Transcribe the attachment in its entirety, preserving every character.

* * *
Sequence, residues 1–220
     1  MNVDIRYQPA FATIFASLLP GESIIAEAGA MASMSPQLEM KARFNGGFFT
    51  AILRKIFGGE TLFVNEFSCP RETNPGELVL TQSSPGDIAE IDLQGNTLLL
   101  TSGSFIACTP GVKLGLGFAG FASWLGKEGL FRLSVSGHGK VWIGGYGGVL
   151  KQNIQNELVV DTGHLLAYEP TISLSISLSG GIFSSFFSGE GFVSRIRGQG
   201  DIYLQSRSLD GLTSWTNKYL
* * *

Sequence, residues 1–220
     1  MNVDIRYQPA FATIFASLLP GESIIAEAGA MASMSPQLEM KARFNGGFFT
    51  AILRKIFGGE TLFVNEFSCP RETNPGELVL TQSSPGDIAE IDLQGNTLLL
   101  TSGSFIACTP GVKLGLGFAG FASWLGKEGL FRLSVSGHGK VWIGGYGGVL
   151  KQNIQNELVV DTGHLLAYEP TISLSISLSG GIFSSFFSGE GFVSRIRGQG
   201  DIYLQSRSLD GLTSWTNKYL